- Chris Low, ESPN Senior Staff Writer
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BATON ROUGE, La. -- LSU’s Tyrann Mathieu emerged as one of college football’s biggest stars last season.
As a rule, stars are typically branded with nicknames, and Mathieu had a catchy one -- the Honey Badger.
He also had a knack for making game-changing plays and made enough of them that he earned a trip to New York City as a Heisman Trophy finalist, not to mention consensus All-America honors, in leading the Tigers to a 13-1 record and BCS runner-up finish.
But when Mathieu reflects on what was truly a remarkable sophomore season, he uses words like “humbled” and “disappointment” and “hungry.”
He just wishes he could have done more, specifically in that 21-0 loss to Alabama in the BCS National Championship Game. Even in the first game against Alabama, a 9-6 overtime win by LSU, Mathieu concedes he wasn’t at his best.
“My job is making plays for this team, and I didn’t do it in that last game,” said Mathieu, who in 25 career games has created a staggering 14 turnovers. “It’s definitely motivation and something I’ve carried with me. There are a lot of people out there who have talked specifically about both of those games (against Alabama) and me not making plays in those two games.
“So, yes, it’s motivation, but I really didn’t need anybody to talk about what I didn’t do in those two games to motivate me. I already know, and I’ll be a better player next year because of it.”
Mathieu’s teammates say he’s being too hard on himself. Had it not been for him, the Tigers probably wouldn’t have been in New Orleans in the first place.
His defensive touchdown against Oregon in the season opener swung that game. His punt return for a touchdown completely changed the complexion of the Arkansas game in the regular-season finale, and his punt return for a touchdown a week later against Georgia in the SEC championship game woke up a stagnant LSU offense and sent the Tigers on their way to 42-10 rout.
“It wasn’t only Tyrann in that last game. It was everybody, the team as a whole,” said LSU safety Eric Reid, who tied Mathieu for the team lead with 76 tackles last season.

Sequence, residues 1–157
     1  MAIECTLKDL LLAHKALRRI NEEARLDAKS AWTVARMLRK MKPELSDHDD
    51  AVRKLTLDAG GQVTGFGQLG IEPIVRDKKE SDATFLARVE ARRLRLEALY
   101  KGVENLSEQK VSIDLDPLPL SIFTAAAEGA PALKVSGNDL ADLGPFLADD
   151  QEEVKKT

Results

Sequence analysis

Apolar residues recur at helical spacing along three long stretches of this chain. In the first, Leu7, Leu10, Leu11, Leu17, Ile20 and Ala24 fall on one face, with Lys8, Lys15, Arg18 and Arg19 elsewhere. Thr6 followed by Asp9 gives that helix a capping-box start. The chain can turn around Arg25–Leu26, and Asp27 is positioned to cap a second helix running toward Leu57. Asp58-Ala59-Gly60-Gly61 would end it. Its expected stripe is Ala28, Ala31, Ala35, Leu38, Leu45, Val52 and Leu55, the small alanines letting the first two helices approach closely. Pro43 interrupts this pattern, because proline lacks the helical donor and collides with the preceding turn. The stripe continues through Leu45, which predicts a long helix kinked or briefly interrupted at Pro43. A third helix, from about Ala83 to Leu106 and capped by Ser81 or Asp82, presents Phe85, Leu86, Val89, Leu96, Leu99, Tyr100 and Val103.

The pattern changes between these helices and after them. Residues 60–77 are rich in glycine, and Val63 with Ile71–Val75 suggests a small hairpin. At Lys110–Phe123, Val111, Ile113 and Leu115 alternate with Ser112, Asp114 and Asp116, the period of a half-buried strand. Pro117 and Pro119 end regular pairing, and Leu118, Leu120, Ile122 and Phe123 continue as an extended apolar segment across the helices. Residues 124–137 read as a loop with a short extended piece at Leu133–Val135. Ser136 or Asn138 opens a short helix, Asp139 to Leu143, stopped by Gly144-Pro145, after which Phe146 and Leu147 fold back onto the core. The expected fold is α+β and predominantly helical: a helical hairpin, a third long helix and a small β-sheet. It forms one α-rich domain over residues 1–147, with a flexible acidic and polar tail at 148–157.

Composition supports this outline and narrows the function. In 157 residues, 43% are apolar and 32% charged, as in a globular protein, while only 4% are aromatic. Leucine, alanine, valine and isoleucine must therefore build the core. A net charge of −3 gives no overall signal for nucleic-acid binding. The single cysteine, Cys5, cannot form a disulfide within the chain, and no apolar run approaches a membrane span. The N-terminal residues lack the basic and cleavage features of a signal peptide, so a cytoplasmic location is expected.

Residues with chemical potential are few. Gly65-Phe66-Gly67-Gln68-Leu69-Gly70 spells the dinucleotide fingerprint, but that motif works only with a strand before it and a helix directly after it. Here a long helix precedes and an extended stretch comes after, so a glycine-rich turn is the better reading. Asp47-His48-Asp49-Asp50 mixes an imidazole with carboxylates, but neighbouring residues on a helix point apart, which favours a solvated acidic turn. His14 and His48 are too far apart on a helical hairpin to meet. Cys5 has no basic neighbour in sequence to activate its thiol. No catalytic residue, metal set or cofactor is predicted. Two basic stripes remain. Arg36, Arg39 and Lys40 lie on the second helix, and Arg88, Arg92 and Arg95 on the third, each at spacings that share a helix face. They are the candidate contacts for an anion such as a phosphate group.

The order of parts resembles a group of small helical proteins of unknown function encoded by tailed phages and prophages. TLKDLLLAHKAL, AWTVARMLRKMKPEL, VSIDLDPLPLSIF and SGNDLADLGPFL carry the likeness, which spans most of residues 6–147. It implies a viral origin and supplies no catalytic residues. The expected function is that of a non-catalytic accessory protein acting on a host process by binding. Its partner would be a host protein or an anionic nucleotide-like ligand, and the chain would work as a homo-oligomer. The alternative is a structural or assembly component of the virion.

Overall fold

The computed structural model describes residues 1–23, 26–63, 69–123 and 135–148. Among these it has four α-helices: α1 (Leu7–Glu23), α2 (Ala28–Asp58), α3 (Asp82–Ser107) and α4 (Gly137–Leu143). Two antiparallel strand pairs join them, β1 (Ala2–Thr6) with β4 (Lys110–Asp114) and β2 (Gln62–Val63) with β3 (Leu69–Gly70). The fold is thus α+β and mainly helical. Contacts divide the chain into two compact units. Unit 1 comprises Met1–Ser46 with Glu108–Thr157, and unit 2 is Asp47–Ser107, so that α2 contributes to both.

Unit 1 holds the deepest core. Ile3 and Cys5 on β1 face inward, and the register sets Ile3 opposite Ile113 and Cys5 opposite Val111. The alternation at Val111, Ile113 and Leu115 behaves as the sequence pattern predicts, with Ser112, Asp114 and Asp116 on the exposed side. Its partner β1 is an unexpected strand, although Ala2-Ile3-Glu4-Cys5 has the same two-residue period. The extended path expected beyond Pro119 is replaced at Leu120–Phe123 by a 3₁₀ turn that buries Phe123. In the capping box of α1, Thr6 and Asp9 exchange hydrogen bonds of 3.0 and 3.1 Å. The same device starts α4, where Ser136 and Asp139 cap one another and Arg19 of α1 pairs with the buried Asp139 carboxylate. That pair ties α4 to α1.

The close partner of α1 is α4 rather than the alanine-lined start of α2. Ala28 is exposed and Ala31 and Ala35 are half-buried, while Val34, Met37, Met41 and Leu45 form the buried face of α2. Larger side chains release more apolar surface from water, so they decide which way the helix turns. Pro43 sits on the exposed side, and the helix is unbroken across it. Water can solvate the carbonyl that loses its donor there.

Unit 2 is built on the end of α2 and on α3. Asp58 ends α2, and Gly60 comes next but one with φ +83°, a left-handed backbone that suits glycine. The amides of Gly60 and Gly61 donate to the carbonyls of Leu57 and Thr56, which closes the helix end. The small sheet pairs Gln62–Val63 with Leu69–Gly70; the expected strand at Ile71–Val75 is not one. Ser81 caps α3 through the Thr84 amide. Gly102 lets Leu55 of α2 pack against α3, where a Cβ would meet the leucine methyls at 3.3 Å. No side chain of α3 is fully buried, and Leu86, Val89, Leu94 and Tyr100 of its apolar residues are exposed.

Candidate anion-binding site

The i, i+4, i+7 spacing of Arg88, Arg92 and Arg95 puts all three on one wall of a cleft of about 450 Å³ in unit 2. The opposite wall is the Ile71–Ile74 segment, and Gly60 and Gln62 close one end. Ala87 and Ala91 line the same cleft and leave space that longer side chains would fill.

“We know there were a bunch of plays that we could have made that would have helped the team. I know it hurts Tyrann that a couple of passes got caught on him, but that game wasn’t on him. It was on all of us. He’s extremely motivated to get his technique down, and I can’t wait to see what he does this year.”
One of the things Mathieu zeroed in on this spring was being better in man-to-man coverage. The Tigers used him as a rover in their nickel package, and that was his forte.
He has incredible instincts and is always around the ball as evidenced by his six forced fumbles and five fumble recoveries last season. He also intercepted two passes.
“All the great players have physical attributes,” Mathieu said. “But the really great ones can play the game in their heads.”
Along those lines, Mathieu has spent even more time in the film room this offseason. As instinctive as he is on the field, he wants to be equally prepared in 2012. He also wants to shoot down one of the few knocks against him, which is that he’s just so-so in man coverage.
“You’re not going to be able to be all over the field every game with the scheme some offenses run,” Mathieu said. “But you’ve still got to make plays at your position, and that’s my focus. If I’m at cornerback, I want to lock my man down. If I’m at nickel, I just want to roam the field and make some plays.
“I want to be great, and where I play, that means being a lock-down cornerback. And with me being 5-9, it gives me even more fire to go out there and prove a lot of people wrong.”
Mathieu said he played right around 180 pounds last season, but finished the spring closer to 190. Of course, he hits like he weighs 250. He also battled through an ankle injury the last few weeks of spring, but was seeing things on the field better than ever.
“The game was kind of slow for me my freshman year and even slower my sophomore year,” Mathieu said. “But, now, I anticipate plays even better, know the down and distances and know what to expect.
“I’m just taking all that in, all the experiences I’ve had, and getting in extra film study and getting even more familiar with the game mentally.”
Mathieu is also getting used to his celebrity status. Even in media interviews, he’s a lot more comfortable and willing to discuss what makes the Honey Badger tick.
He says his one-game suspension last season for reportedly testing positive for synthetic marijuana was something that he learned from and something he wished he could undo.
“It humbles you, because you know you have a responsibility to a lot of people, and I let those people down, especially my teammates,” Mathieu said.
That’s a big part of his motivation going forward. He knows how close LSU was to something special last season, and so do his teammates.
Mathieu said it was difficult to describe the sense of purpose that permeated the practice field this spring.
“That last game got to everybody,” he said. “You could definitely see it in our offense. Those guys were throwing the ball all over the field, and the receivers, even in perfect coverage, were still coming down with the ball. I know those guys took that last game to heart, but the defense also took it to heart. We didn’t play our best game, either.
“We’re all going into next season with that game in the back of our minds. It hasn’t gone away, and I don’t know if it will. I just know that we don’t want to ever have that feeling again.”
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